If you are considering bankruptcy, you might be afraid that you will bear a stigma because of it. For many people, the stigma attached to bankruptcy is the hardest part of making a financial decision. Many people are unaware of the facts behind the stigma. In fact, many are surprised to learn that the American bankruptcy system has its basis in the U.S. Constitution. That is because eliminating and reducing debt are both integral parts of our economy.
At Scura Law Firm, we affirm that a lot of bankruptcy’s stigma comes most heavily from negative perspectives held by family and friends. Other times, bankruptcy seems intimidating because of the fear of having a harder time getting credit. There can be some truth to the stigma of bankruptcy. However, fears can often be exaggerated, and the stigma should not prevent you from considering the positive possibilities arising from filing bankruptcy. Taking into consideration a cost-benefit analysis when looking at bankruptcy, you are likely to realize alongside hundreds of thousands of others each year that bankruptcy is the right move.
Social and Emotional Stigmas of Bankruptcy
Social and emotional stigmas can certainly have an impact on your finances. The more concerned you are with what others will think of you, the more this aspect of bankruptcy is likely to weigh you down. However, keep in mind that while your creditors will be informed about your bankruptcy, most other people are unlikely to know. Bankruptcies are public matters, but most people remain unaware of people who have filed bankruptcy. People are also often far more understanding of financial difficulties than we might expect them to be. This is especially true when the economy is suffering.
There were over 765,000 bankruptcies in the United States in 2017. Bankruptcy is quite common, making it likely someone you know has already gone through the process. However, bankruptcy still has an emotional aspect. People often feel guilty not paying their bills. When filing bankruptcy and ceasing payments, you might feel bad. This is especially true of responsible, trustworthy people. These individuals often choose bankruptcy because they see no other choice for reasons they may not have caused. Keeping in mind how common bankruptcy is and how many people file for reasons outside their control can help mitigate these guilty feelings.
The Financial Stigma
The financial stigma associated with bankruptcy can seem to be the scariest aspect. Your credit score will likely drop after filing bankruptcy. The amount it drops depends on where it was before you filed. It is not uncommon for credit scores to drop to 550, though they do not stay that low for long if you correctly manage your finances. It is likely to be harder to get credit, like mortgages or car loans, and the credit you can get will probably have higher interest rates. Financial stigma is often seen as an encouragement to stay out of new debt after your bankruptcy removed your prior debt.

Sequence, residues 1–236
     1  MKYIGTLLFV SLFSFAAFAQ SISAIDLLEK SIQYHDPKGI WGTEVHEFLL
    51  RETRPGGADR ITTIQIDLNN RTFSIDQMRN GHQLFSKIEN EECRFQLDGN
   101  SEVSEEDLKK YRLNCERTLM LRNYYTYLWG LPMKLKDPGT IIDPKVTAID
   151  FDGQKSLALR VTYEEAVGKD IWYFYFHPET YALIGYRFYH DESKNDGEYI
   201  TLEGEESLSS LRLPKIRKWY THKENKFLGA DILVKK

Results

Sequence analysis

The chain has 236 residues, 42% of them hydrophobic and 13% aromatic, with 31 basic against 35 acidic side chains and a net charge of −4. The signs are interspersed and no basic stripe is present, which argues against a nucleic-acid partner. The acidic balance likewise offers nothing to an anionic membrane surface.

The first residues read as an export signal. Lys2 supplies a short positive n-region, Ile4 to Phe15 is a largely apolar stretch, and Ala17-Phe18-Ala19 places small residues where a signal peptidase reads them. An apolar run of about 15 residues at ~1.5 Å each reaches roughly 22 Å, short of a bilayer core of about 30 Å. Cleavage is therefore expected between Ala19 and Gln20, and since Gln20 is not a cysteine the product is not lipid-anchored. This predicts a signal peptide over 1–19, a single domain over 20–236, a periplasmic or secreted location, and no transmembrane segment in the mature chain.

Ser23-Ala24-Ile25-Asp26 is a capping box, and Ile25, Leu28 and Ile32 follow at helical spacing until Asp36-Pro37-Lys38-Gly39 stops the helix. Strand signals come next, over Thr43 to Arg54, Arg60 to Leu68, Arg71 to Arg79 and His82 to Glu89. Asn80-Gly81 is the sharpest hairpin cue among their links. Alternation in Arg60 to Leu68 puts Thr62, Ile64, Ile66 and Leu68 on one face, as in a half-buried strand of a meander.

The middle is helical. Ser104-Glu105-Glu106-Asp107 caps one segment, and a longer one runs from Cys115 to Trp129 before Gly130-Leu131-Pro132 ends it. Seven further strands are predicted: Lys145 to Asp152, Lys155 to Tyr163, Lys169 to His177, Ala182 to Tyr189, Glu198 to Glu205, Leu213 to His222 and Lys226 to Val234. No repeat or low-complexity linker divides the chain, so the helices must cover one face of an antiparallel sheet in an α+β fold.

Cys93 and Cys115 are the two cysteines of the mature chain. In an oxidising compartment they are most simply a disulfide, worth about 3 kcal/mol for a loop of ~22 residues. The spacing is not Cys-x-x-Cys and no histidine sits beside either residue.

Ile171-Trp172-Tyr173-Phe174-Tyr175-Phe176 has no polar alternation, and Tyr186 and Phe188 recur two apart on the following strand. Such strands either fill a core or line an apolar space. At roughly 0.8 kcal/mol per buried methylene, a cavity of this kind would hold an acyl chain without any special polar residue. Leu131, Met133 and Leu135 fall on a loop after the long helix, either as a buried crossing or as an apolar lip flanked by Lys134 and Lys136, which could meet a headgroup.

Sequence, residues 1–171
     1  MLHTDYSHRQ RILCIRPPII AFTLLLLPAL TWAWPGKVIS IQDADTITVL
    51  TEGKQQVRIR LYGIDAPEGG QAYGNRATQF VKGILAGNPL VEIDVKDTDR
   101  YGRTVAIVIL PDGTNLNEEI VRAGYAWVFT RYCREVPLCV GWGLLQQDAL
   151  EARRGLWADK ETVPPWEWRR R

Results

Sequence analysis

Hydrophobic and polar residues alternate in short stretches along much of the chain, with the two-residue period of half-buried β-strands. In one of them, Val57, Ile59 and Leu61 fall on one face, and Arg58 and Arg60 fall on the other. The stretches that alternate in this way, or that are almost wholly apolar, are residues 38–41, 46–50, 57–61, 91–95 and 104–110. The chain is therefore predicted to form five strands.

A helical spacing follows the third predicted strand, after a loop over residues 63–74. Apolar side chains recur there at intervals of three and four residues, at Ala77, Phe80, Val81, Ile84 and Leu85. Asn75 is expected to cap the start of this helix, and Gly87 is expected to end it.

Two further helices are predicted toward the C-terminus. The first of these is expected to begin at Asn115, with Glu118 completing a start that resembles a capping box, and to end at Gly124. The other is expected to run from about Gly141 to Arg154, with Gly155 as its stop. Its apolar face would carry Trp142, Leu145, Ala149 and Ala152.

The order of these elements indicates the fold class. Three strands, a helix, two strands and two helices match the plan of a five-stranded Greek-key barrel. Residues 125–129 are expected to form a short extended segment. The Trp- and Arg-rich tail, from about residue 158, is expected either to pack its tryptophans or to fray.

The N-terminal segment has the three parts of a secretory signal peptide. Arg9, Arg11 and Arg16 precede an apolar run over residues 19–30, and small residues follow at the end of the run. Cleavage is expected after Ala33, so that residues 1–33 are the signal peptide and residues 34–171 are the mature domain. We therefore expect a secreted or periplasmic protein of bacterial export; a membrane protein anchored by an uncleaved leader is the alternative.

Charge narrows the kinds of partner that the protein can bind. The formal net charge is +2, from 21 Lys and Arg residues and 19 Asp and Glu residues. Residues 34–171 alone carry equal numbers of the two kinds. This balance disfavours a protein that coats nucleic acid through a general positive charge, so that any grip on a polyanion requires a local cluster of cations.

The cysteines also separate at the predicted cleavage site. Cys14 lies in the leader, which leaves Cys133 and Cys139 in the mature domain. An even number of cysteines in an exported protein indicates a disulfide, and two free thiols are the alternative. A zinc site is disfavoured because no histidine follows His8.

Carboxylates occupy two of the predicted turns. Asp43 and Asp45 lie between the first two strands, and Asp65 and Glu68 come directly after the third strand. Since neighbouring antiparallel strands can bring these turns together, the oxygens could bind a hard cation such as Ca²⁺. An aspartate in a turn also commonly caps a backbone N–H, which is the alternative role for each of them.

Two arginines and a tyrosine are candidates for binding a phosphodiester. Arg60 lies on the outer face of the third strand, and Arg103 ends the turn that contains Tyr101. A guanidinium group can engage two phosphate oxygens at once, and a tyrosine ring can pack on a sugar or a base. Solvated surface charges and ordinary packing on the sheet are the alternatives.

However, this period is often not as bad as it first seems. Debtors often get credit card offers soon after filing bankruptcy, though they pay higher interest rates. Creditors know that federal law prohibits someone from getting another bankruptcy discharge for the next eight years or so. This gives them an incentive to offer you credit. Additionally, rebuilding your credit score is a motivator for financial responsibility.
Consider the Positive Possibilities
Make sure not to leave out the pros when considering bankruptcy. People often decide that the pros outnumber the cons. This is even truer when the major downsides are emotional or social. Remember, too, that the American bankruptcy system was constructed by the government to act as a safety net for those who have fallen on seriously difficult financial times.
Bankruptcy is necessary to keep our financial system running. Without it, there would be no way to eliminate debt people accrue but cannot repay. So, should you dispel the stigma of bankruptcy? Absolutely.
P.S. Many thanks to John J Scura III, Esq., Partner, Scura, Wigfield, Heyer, Stevens & Cammarota, LLP for providing this valuable material.
John has been Certified by The Supreme Court of New Jersey as a Civil Trial Attorney. Whether it is a personal injury case, bankruptcy case, litigation case or other type of matter, John wants his clients to participate in the decision making process toward solving their problem in the best way possible.